Adobe has released its long-awaited and highly controversial Creative Cloud suite of applications for both longtime professional devotees and the newcomers it hopes to attract. Having historically operated on an upgrade schedule of every 12 to 16 months, Adobe is now releasing new subscription-only versions of its flagship Photoshop image-editing program—called Photoshop CC (for Creative Cloud)—along with more than a dozen of its other creative apps.
While the merits of Adobe’s new subscription model promise to be a continuing topic of debate, the apps themselves are the same creative-suite products that photographers, artists, videographers, graphic designers, animators, and other people in creative fields have become attached to over the past 20 years. Although Adobe has dropped some software packages and consolidated others in the lineup since last year, the basic Creative Cloud suite will look familiar to veteran users.
As always, applications reside on your hard drive—you do not have to be connected to the Internet to use any Creative Cloud application after you’ve downloaded it. The system requires a connection every 180 days to double-check your annual subscription status (every 30 days for month-to-month subscriptions), but that is the extent of cloud involvement with typical app usage.
Old-timers are back
Released alongside Photoshop today are Illustrator, InDesign, Premiere Pro, Flash Professional, Audition, Dreamweaver, InCopy, After Effects, Prelude, and SpeedGrade, in addition to companion and add-on software packages such as Edge Animate, Bridge, and Media Encoder. Muse, the year-old visual Web-design program, has entered the mix. Edge Tools & Services, also part of Creative Cloud, includes Edge Animate, Edge Inspect, Edge Web Fonts, Edge Code (Preview), Edge Reflow (Preview), and PhoneGap Build. All are available with the basic $50 subscription. Fireworks is still around, but with minimal updates. Photoshop Extended is gone, folded into the main Photoshop program. Flash Builder Premium, Acrobat XI Pro, and now Lightroom are also part of the suite. Lightroom and Acrobat XI are available both in subscription format within Creative Cloud and boxed on their own the traditional way.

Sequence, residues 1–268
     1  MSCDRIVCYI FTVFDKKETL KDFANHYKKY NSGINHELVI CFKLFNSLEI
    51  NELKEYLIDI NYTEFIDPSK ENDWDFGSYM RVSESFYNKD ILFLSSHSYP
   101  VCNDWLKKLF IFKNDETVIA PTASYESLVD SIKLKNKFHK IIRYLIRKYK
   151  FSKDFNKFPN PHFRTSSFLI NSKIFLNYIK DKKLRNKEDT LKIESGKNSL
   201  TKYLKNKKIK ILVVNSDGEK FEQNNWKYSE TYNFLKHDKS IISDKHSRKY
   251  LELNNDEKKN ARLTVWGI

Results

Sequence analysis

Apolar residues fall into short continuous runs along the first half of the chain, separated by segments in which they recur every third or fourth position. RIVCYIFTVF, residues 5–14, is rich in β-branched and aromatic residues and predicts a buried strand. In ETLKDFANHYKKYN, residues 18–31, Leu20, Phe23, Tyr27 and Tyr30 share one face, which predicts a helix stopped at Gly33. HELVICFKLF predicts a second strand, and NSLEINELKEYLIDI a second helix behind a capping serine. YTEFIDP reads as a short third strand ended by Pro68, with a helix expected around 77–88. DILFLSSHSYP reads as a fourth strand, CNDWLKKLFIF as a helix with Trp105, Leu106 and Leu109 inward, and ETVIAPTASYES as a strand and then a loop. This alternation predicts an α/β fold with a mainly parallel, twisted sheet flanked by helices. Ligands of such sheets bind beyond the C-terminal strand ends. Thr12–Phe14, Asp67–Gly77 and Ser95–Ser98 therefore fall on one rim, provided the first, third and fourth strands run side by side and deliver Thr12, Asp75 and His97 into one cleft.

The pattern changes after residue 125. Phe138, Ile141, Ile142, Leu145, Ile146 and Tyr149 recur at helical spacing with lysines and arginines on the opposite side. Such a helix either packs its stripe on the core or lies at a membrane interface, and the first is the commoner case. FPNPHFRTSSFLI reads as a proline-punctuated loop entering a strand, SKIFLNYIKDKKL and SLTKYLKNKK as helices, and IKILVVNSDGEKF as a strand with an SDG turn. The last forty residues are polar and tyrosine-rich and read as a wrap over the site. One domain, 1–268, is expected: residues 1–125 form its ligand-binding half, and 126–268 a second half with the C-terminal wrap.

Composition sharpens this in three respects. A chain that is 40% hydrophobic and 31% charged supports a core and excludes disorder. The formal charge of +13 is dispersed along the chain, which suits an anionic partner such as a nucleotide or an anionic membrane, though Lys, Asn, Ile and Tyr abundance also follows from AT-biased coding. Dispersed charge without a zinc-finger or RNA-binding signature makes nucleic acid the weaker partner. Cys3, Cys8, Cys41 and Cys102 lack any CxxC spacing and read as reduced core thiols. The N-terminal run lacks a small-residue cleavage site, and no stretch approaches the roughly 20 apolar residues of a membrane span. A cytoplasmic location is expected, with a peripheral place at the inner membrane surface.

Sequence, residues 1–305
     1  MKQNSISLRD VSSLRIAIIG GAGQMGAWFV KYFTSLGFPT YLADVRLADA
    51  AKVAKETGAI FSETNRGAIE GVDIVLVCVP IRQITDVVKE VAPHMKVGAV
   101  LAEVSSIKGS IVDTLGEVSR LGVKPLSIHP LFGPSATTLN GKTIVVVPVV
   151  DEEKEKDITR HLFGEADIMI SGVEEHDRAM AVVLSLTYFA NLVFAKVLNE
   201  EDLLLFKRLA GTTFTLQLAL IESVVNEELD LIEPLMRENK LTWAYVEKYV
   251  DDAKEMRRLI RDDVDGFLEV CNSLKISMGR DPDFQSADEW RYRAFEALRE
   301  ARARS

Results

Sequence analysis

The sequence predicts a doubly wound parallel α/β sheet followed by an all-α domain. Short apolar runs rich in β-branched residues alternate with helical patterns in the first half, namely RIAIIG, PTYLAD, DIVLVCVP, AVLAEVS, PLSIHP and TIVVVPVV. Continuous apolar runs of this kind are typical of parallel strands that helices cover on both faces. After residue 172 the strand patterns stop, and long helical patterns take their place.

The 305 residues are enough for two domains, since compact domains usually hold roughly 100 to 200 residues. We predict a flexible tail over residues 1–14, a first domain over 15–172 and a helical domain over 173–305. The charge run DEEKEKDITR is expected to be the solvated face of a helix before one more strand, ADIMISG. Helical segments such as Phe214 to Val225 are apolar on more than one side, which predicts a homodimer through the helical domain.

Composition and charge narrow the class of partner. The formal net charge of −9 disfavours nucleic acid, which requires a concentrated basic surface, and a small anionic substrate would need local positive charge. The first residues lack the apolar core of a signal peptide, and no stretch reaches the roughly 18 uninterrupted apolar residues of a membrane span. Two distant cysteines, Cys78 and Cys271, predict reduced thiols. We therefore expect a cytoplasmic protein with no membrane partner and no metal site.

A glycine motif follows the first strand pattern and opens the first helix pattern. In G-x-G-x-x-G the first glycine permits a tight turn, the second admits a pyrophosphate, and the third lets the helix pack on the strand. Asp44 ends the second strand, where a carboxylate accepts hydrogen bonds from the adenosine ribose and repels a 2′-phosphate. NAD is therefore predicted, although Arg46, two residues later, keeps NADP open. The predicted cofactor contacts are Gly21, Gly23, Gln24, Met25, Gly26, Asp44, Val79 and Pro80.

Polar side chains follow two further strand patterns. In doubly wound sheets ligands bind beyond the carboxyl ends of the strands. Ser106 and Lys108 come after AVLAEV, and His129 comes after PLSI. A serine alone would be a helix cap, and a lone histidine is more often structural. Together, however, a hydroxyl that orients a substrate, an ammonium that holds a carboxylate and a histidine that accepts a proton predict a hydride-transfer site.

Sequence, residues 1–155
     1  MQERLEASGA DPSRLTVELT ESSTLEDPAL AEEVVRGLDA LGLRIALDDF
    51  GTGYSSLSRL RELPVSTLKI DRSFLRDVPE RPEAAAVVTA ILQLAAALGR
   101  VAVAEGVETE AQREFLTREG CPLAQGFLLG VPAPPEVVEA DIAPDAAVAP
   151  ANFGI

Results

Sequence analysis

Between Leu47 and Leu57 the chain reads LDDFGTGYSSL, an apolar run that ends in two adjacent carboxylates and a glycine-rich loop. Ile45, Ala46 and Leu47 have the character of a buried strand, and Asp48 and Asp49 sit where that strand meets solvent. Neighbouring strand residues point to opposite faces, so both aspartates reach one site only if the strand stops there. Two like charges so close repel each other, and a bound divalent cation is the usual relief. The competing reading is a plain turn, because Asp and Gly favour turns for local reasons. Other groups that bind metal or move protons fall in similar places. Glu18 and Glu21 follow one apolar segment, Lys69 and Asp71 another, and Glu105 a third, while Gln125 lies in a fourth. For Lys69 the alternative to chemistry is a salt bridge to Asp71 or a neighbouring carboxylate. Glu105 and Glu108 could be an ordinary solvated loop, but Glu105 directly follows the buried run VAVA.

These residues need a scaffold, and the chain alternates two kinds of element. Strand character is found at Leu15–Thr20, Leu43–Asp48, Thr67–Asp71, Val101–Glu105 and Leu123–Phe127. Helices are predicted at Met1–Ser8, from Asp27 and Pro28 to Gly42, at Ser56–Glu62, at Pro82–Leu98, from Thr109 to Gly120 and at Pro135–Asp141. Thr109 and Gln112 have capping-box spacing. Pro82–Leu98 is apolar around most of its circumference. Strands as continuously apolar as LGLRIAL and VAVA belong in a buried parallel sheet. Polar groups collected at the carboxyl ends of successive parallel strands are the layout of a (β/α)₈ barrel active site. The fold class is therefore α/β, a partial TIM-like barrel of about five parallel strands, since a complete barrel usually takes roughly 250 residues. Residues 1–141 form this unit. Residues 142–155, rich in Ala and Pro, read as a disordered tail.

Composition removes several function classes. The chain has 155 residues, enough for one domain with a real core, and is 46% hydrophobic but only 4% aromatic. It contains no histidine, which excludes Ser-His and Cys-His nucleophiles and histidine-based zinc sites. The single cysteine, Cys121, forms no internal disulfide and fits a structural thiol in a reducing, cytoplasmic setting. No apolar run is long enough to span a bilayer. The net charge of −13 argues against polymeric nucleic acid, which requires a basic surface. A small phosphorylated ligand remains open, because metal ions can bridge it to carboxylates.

Adobe has divided its core offerings into Design, Web, and Video segments, but such segments matter less these days since the Creative Cloud package, for a single monthly fee, gives you access to everything in the roster for the same price.
New Bridge positioning
Longtime users of Creative Suite may have started to take Bridge—the suite’s universal companion app—for granted. As an asset-management tool, Bridge debuted in CS2 as more of a file-browser convenience than a distinctive piece of software. But over time it became more useful, with features such as the Automatic Output Module, Export Panel for Facebook and Flickr, hard drive publishing, Compact mode, and synchronized windows, which it has now trimmed from the app.
With Creative Cloud, Bridge is now available as a separate download. Adobe acknowledges that veteran Bridge users will miss the removed features, and says that it is working on a separate, downloadable option to reinstate output functionality shortly after release. For now, Adobe has no plans to bring back the Export Panel, Compact mode, or synchronized windows. However, it says that it will be listening to customer feedback on those issues.
Shift in thinking
For Adobe, Creative Cloud is not simply a software upgrade—it represents a fundamental shift in thinking about how to serve customers who earn their living as creative professionals. Although users expect technical advances in software, Adobe took the opportunity to try to solve some outstanding workflow problems with this release. New demands challenge creatives, who are struggle with a deficiency of available tools and services, difficulties in tracking project assets from remote locations, questions about how to best make use of mobile devices, the need to find effective ways to collaborate from remote locations, and concerns about integrating individual creative processes into the larger community to collectively boost inspiration and creativity.
Part of the rationale behind Creative Cloud, and Adobe’s decision to offer it as a subscription-only suite, is to serve up the latest tools the company has to offer without delay. Waiting a year to update major software packages does not seem as effective as in the past. Plus, Adobe has watched over time as its core customers have been asked by paying clients to undertake a broader role than their expertise covers. The best answer to that demand, Adobe decided, was to lower the bar for entry into all of its apps and then provide a built-in way to learn them.
What makes customers really nervous about the subscription model, though, is that once you end a subscription, you may no longer have access to your own work, and it’s unclear right now exactly how Adobe will address this issue. People also fear that, as with cable TV companies, Adobe may hook users in with a low introductory price and then raise prices over time.